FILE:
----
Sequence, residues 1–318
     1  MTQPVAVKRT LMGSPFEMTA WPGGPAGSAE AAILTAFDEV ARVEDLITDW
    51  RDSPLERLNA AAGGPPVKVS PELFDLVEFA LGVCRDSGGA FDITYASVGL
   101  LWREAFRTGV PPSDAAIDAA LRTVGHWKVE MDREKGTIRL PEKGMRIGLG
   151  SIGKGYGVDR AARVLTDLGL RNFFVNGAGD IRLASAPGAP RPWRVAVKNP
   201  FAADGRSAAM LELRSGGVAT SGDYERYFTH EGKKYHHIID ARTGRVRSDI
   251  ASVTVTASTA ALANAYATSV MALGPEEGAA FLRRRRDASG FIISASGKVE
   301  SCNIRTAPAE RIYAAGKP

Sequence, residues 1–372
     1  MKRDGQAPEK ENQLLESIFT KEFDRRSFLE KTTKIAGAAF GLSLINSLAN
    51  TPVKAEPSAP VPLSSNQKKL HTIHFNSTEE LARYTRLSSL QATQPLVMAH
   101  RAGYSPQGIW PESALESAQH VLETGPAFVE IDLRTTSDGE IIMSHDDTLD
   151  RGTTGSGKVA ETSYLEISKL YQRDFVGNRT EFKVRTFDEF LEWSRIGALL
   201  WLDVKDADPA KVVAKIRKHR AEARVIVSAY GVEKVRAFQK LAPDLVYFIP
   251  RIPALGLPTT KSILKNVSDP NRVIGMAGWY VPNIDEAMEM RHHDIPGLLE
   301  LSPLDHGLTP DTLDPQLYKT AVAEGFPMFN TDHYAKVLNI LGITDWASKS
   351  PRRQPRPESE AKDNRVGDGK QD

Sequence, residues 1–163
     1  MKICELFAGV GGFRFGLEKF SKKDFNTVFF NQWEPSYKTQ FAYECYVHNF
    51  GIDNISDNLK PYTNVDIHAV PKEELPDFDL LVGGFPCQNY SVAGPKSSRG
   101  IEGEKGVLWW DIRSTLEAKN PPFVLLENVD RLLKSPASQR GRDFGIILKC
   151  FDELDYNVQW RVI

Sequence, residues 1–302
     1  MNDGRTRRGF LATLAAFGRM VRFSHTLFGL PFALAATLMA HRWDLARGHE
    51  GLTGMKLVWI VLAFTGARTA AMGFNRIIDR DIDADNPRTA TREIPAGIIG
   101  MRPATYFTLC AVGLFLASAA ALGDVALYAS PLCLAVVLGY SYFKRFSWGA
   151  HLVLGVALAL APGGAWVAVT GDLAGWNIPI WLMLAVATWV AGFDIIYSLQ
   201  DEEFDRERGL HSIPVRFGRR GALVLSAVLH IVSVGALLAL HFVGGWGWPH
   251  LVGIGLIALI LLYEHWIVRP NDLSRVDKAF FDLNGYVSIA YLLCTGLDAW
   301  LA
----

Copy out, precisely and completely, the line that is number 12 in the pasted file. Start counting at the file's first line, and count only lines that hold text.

   101  RAGYSPQGIW PESALESAQH VLETGPAFVE IDLRTTSDGE IIMSHDDTLD